Fruit flies drive her buggy

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DEAR SUN SPOTS: I want to let you know I have gotten so much great information from your column. I hope you never stop running it.

I have a problem with fruit flies and have tried everything like vinegar, bay leaf, etc. Nothing seems to help. I keep my garbage disposal very clean and all my drains plugged and still have fruit flies in my kitchen near the sink. I don’t keep any fruits or veggies on the cupboards.

I need help. They are driving me crazy! Do you have any suggestions? Thanks. — Shirley Heald, lheald@roadrunner.com

ANSWER: Sun Spots has covered this topic before, and readers have offered their suggestions as well.

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When using the vinegar treatment, it is essential to trap the flies. If you don’t trap them, you are just feeding them rather than getting rid of them.

Techniques include using a bottle with a narrow opening, putting cheesecloth or other netting over top or adding a drop or two of dishwashing detergent to the vinegar. The soap is a surfactant, which means it breaks the surface tension of the water so the flies drown instead of skimming across the top.

Readers also suggested using a covered trash can and being sure not to leave damp towels around.

DEAR SUN SPOTS: I saw the column about getting rid of ants. When I lived in Massachusetts, there were several types of ants.

For tiny brown ants that were invading the house, I put borax powder around the foundation and didn’t see any more.

To get rid of a big ant nest under the clothesline, I filled a bucket with hot water and ammonia and poured it down the next.

To stop bugs from eating the garden, my cousin planted marigolds between each plant, and the garden was bug-free.

Dr. Jarvis used granite dust around plants to kill mites eating his prized flowers. And I read the Japanese use tobacco juice to kill bugs.

If nothing works, maybe getting ant-eating animals may be the answer. They are safer on the environment. — Gabrielle De Moras, Lewiston

ANSWER: Borax is a very popular antidote to ants and is the key ingredient in some insecticides.

As for bringing in ant-eating animals, it can be dangerous to introduce nonnative plants or animals. Sometimes they prove more troublesome than the problem they were brought in to deal with in the first place.

DEAR SUN SPOTS: I have a good way to get rid of bugs cheap when you can’t reach them with a fly swatter. I always keep a cheap can of hard-to-hold hairspray handy to give them a dose. The wings get stiff and they fall to the floor so you can pick them up.

It works on anything with wings. Of course I wouldn’t do it to a bird.

It always works to starch my flimsy curtains. It’s faster and easier than making starch. — J.B.T., Lewiston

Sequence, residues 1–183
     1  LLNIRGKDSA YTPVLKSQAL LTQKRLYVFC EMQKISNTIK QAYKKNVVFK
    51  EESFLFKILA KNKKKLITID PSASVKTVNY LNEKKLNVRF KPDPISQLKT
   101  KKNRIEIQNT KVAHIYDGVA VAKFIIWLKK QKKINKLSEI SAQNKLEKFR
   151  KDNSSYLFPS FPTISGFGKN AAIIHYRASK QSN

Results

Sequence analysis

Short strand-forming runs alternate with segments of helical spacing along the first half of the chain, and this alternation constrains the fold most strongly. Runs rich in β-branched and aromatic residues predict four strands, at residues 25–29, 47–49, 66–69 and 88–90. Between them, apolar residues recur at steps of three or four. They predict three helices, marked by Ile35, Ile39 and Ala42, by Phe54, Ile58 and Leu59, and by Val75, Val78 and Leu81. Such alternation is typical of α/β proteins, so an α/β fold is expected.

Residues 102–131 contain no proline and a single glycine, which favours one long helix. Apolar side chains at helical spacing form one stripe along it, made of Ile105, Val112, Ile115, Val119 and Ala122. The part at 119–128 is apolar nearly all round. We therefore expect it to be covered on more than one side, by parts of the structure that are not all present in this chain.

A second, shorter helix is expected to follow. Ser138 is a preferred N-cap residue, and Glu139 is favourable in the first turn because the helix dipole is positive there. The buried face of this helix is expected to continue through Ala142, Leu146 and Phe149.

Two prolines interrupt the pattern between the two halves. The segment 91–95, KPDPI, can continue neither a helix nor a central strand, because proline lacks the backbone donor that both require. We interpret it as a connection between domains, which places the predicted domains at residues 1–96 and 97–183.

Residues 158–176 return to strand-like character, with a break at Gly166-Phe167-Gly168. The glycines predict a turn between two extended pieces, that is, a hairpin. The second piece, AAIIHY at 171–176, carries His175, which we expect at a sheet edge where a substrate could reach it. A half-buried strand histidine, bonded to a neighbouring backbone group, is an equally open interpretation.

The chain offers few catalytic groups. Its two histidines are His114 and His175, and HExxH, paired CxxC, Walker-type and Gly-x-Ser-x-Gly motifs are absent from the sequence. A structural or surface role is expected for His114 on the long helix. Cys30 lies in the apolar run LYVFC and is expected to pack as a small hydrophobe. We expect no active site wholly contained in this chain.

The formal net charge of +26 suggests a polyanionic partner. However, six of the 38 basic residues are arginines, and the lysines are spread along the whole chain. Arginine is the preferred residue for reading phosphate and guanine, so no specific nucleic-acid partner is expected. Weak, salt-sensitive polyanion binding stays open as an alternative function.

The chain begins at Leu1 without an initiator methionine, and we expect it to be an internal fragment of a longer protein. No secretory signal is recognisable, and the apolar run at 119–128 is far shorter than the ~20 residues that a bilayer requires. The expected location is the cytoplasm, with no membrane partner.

ANSWER: Sun Spots does see one problem with this idea: Hairspray can be sticky, so you might end up with a sticky ceiling!

GOOD MORNING, SUN SPOTS! This is in response to the writer asking how to keep their bananas from turning black. Wrap a bag around the stems, either with a baggie and a small elastic, or I use a produce bag and kind of wrap it over and around and in between and around the stems and it really does seem to slow down the ripening process.

I’ve heard its a gas coming from the stem that causes them to ripen. We are able to keep our bananas through the week now. Hope this helps. Thank you for all you do, Sun Spots! — Donna DiConzo, West Paris

DEAR SUN SPOTS: The McLaughlin Garden in South Paris is sponsoring its second annual Jack-o-Lantern Spectacular from 6 to 8 p.m. Oct. 24 and 25. We would love to make the event even bigger by having more pumpkins.

We would graciously accept pumpkin donations in any amount by Oct. 20 so that they can be distributed to students and the “young at heart” who are carving for the event.

Anyone who wishes to bring a carved jack-o-lantern to the garden on Oct. 23 will receive a free ticket to the event. Everyone is invited to see the display. The admission of $5 for adults, $3 for children aged 6 to 17, and includes free cider and popcorn.

Further information may be obtained at 743-8820. Thank you, Sun Spots, for helping us to get the word out and thank you to anyone who has a pumpkin to donate! — Harriet Robinson, harrietlewisrobinson@gmail.com

This column is for you, our readers. It is for your questions and comments. There are only two rules: You must write to the column and sign your name (we won’t use it if you ask us not to). Please include your phone number. Letters will not be returned or answered by mail, and telephone calls will not be accepted. Your letters will appear as quickly as space allows. Address them to Sun Spots, P.O. Box 4400, Lewiston, ME 04243-4400. Inquiries can also be emailed to sunspots@sunjournal.com.

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